Shopping for a new car can easily turn from being fun, to extremely overwhelming. Lucky for you the internet has revolutionized the way we shop, making information about shopping for new cars, easily accessible!
There are several different price dealers out there, one of the ways you can get started is by requesting new car price quotes from dealerships in your area; use them to leverage dealers against each other, so you drive away with the best deal possible.
Shoppers often get confused with the different terms that are associated with buying a car. We aim to make this a little clearer by defining of some popular car buying terms.
Dealer Invoice: The dealer invoice price refers to the price the dealer paid to the factory for the new car. However, as you will see, this isn't a complete representation of what the dealer actually pays. All models have the same dealer invoice price, regardless of what dealership is buying them.
Factory Invoice: This is the dealer invoice, plus destination charges for getting the vehicle to the dealership, options and manufacturer fees.
MSRP: The manufacturer's suggested retail price is the price that the factory recommends the dealerships charge for the vehicle. Keep in mind that the dealer is not under any obligation to sell the car for this amount, they can charge whatever they want.
Dealer Cost: This is the amount the car actually costs the dealership. It is the Factory Invoice price minus any factory to dealer incentives, rebates and holdbacks. The dealer cost highlights that even if a new car price dealer sells a model for the dealer invoice price, they are still making a profit.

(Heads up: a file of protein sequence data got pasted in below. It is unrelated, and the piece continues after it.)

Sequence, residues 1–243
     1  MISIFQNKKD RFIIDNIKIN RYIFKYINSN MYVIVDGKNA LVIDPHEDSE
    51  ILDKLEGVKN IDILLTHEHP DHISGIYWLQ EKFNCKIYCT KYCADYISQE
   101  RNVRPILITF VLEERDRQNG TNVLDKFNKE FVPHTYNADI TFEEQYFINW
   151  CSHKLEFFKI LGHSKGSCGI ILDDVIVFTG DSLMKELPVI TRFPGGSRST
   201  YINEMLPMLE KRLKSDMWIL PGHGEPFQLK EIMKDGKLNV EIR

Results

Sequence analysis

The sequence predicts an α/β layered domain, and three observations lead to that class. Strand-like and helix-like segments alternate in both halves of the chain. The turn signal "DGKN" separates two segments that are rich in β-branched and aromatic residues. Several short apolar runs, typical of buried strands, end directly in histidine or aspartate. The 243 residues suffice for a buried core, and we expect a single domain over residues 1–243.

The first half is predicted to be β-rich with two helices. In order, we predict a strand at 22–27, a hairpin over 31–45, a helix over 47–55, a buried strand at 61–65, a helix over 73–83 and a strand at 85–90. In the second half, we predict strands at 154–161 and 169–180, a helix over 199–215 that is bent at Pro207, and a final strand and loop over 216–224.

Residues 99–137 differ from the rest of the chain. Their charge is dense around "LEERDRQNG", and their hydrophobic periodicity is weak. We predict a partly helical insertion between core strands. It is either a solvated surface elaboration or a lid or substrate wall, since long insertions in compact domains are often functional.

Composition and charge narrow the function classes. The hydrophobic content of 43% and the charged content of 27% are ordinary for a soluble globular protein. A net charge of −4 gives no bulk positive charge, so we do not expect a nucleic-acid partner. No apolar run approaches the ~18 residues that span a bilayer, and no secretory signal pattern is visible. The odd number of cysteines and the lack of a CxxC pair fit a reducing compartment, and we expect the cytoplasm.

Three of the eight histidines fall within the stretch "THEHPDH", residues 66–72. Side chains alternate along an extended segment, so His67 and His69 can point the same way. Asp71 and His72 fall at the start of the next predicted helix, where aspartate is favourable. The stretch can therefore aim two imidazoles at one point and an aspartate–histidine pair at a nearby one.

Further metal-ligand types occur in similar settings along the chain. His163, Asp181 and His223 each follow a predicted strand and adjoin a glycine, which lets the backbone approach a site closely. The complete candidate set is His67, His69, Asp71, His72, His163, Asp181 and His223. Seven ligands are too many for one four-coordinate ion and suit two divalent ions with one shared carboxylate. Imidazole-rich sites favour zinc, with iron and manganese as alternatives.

Request several new car price quotes. Compare quotes from several dealerships and play them against each other by saying you'll go with whoever offers you the best deal.
Stay calm, don't get emotional and be prepared to walk out if the dealer isn't budging.
Shop during off business hours, days and months. Dealers will be more likely to give you a great deal on a new car during periods where they have incentives to move their product.
Try to secure financing from your local bank or credit union; you will most likely be able to get a better rate through them, then with the dealership.
Negotiate the purchase price first, this should be agreed upon before any mention of rebates, incentives or your trade in.
Negotiate your old car's trade in value. You should try to get the highest value for it as possible.
sk about any rebates or incentives and take them away from the purchase price that you negotiated.
Remember that some fees can be negotiated. You will usually have to pay destination fees, sales tax and licensing/title fees. However, any dealer or marketing fees are most likely negotiable.
Request your free no obligation to buy new car price quote today and be on your way to getting a great deal on a new car today!